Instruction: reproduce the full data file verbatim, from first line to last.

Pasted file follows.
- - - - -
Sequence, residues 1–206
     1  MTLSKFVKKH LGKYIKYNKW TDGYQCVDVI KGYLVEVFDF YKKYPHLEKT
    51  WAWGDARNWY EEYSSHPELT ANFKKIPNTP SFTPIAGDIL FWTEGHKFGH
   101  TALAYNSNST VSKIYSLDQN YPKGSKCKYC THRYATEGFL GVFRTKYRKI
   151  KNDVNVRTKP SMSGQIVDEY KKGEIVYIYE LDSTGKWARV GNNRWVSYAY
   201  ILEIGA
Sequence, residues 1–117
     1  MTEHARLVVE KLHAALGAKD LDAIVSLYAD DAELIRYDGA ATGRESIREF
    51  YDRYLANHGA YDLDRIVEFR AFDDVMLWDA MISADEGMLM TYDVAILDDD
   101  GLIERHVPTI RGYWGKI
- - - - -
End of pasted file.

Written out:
Sequence, residues 1–206
     1  MTLSKFVKKH LGKYIKYNKW TDGYQCVDVI KGYLVEVFDF YKKYPHLEKT
    51  WAWGDARNWY EEYSSHPELT ANFKKIPNTP SFTPIAGDIL FWTEGHKFGH
   101  TALAYNSNST VSKIYSLDQN YPKGSKCKYC THRYATEGFL GVFRTKYRKI
   151  KNDVNVRTKP SMSGQIVDEY KKGEIVYIYE LDSTGKWARV GNNRWVSYAY
   201  ILEIGA
Sequence, residues 1–117
     1  MTEHARLVVE KLHAALGAKD LDAIVSLYAD DAELIRYDGA ATGRESIREF
    51  YDRYLANHGA YDLDRIVEFR AFDDVMLWDA MISADEGMLM TYDVAILDDD
   101  GLIERHVPTI RGYWGKI